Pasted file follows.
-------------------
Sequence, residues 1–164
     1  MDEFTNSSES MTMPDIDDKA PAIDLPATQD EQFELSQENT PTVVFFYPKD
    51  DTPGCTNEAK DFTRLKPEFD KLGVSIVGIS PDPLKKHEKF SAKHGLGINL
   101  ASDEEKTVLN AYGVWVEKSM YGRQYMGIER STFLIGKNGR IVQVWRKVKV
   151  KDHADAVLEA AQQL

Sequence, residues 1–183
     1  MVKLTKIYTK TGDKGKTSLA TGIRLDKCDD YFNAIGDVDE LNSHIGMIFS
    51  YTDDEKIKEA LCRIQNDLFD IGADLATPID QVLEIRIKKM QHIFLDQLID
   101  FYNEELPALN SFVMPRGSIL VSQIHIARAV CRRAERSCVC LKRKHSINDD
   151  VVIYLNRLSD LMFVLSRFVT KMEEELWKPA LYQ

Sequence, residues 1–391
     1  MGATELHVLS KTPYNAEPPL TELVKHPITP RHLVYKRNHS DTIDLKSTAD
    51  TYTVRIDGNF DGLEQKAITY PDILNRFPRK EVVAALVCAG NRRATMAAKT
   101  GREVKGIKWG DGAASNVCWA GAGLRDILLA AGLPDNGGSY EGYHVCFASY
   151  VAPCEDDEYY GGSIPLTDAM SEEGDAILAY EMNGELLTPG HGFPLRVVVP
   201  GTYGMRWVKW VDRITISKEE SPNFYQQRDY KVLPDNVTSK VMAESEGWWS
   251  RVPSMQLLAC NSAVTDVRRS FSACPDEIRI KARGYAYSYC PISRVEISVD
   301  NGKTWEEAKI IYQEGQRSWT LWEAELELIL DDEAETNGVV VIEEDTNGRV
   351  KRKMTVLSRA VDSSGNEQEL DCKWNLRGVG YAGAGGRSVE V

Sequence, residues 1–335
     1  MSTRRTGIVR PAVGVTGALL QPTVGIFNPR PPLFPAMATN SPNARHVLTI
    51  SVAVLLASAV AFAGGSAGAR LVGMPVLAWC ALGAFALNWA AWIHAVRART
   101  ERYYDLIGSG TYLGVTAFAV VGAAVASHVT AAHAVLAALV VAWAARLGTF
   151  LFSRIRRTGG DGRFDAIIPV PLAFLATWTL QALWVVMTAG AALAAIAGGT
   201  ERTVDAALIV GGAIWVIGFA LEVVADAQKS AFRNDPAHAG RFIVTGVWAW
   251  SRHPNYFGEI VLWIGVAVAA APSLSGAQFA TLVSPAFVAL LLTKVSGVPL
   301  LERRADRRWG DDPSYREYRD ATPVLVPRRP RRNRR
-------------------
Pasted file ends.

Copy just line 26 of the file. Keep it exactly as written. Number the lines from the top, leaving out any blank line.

   251  SRHPNYFGEI VLWIGVAVAA APSLSGAQFA TLVSPAFVAL LLTKVSGVPL